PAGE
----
Interior designer finds niche turning scraps into treasures

By JOSE SANTINO BUNACHITA |September 16,2018 - 09:40 PM

Susanne Verallo has set up her own jewelry business, a brand under her own name, which has gained recognition in the international market.
CDN PHOTO/JOSE SANTINO S. BUNACHITA

Other people’s scraps can really be other people’s treasure.

Who knows the shells from restaurants that are usually just thrown away can be turned into not just fashionable, but luxurious jewelry?

Susanne Verallo, 30, does this with her namesake brand which mainly caters to international buyers and jewelry enthusiasts who are more appreciative of the meticulous process and details in creating such pieces.

“Everybody knows about shell inlays in Cebu. But nobody appreciates that the craft is so intensive. It is a Cebuano craft. And I wanted to make it high end,” she shared.
Verallo started her line of jewelries, which include cuffs, earrings, necklaces, and rings in 2015, a few years after she graduated from college.

It was in 2009 when Verallo graduated from the University of San Carlos with a degree in interior design. She then pursued further studies at the Dumos Academy in Milan, Italy and got her degree in product design after a year.

Prior to establishing her own brand, Verallo worked with a mentor, another designer, who found out about her passion for doing fashion accessories.
She also did some major projects with her mentor, including designing the furniture used during the thanksgiving mass for the sainthood of San Pedro Calungsod in Cebu last November 2012.

Eventually, her mentor retired and Verallo decided to continue her career.

After establishing her brand, Verallo tried her hand in making bags and released her first collection in 2016.

However, it did not do well so she had to rethink her own niche.

“Then I decide to go to jewelry. There were wastes from shell used in my clutch bags. There are also companies doing shell craft in Cebu so I though I can make use of their scraps,” she said, recalling that they even bought shells from sutukil (sugba, tuwa, kilaw) restaurants in Mactan Island.

With a starting capital of P30,000, Verallo bought some machinery and raw materials. She also used part of the money for salaries of her workers who are mostly outsourced.

Verallo has one main partner artisan who has helped her hone her skills in the craft of shell inlays.

Int’l market
While she tried her luck in the local market in both Cebu and Manila, Verallo has found her niche market in the international arena.

Verallo recalled joining several trade shows in Manila, but it did not work out.

With sheer determination and an internet connection, Verallo was able to network with stockists and boutiques in cities like New York, Los Angeles, London, and Zurich.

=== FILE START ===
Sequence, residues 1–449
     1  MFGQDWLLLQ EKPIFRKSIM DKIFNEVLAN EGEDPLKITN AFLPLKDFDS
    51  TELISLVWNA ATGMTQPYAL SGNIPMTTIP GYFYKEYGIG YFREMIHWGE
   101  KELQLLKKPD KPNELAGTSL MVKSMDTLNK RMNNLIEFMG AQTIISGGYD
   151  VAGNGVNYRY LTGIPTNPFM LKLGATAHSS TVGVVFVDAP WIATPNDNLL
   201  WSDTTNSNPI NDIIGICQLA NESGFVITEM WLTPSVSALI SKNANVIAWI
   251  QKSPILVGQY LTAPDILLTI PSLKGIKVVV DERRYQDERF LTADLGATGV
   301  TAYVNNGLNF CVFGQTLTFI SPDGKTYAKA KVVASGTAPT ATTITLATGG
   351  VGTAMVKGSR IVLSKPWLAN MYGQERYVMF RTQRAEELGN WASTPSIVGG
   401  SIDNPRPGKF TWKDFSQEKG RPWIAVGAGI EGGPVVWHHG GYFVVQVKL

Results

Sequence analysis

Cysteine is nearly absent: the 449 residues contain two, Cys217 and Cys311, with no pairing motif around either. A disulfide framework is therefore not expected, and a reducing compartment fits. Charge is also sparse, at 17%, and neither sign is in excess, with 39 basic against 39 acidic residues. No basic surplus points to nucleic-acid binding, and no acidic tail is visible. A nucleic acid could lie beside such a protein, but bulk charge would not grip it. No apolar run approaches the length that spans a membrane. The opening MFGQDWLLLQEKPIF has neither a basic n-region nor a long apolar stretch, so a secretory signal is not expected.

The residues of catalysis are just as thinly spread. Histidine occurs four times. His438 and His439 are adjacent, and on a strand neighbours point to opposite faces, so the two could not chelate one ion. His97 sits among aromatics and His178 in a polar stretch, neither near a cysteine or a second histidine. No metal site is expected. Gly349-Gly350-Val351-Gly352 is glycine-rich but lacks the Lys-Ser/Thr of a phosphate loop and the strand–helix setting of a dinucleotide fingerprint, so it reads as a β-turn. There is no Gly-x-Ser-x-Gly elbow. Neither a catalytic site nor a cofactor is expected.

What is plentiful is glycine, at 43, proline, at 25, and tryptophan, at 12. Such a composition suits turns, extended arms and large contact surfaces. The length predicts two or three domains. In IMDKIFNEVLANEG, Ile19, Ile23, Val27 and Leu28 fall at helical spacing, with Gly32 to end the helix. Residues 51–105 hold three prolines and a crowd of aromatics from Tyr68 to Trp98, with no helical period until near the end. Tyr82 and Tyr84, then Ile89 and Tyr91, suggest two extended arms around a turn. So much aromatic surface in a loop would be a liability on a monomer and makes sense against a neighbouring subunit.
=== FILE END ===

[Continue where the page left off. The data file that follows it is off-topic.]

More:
She said she just e-mailed these stockists and waited for those who replied to her pitches to export and display her products abroad.

She also constantly posted her products on social media like Instagram and Facebook.

“Filipinos are quick to see mistakes on the pieces. But you can’t make it perfectly. These are natural materials and are man-made. When I talk with foreigners, they appreciate this and they understand that there may be slight differences,” she said.

Her products range between US$95 to US$180.

Different path
Back in 2005, Verallo was all set to pursue studies in the field of medicine.

Her parents, who are in the medical field, egged her to take up nursing which was in boom during those years.

She already passed the entrance exam in Velez College. But she realized she did not want to do it and that she wanted to do something more on the creative side.

This was when they inquired at the University of San Carlos and enrolled in the interior design course. In her second year in college, she found a deeper love for furniture making which she also pursued for a time after graduating.

Learning process
Verallo admitted that she used to focus so much on the creative side of her business.

“I had zero business acumen. I couldn’t do things like break even analysis, taxation. It was very foreign to me. When my friends asked me how my business is doing, I just say it’s okay, it’s still there,” she said.

This prompted her to enroll in the Kapatid Mentor Me Program of the Department of Trade and Industry (DTI) – Cebu Province.

She was among the graduates of the fourth and most recent batch last August.

“Now that I know the status of the business financially. I can pinpoint where we can go. I want to keep tapping the international market and improve my branding,” she said.

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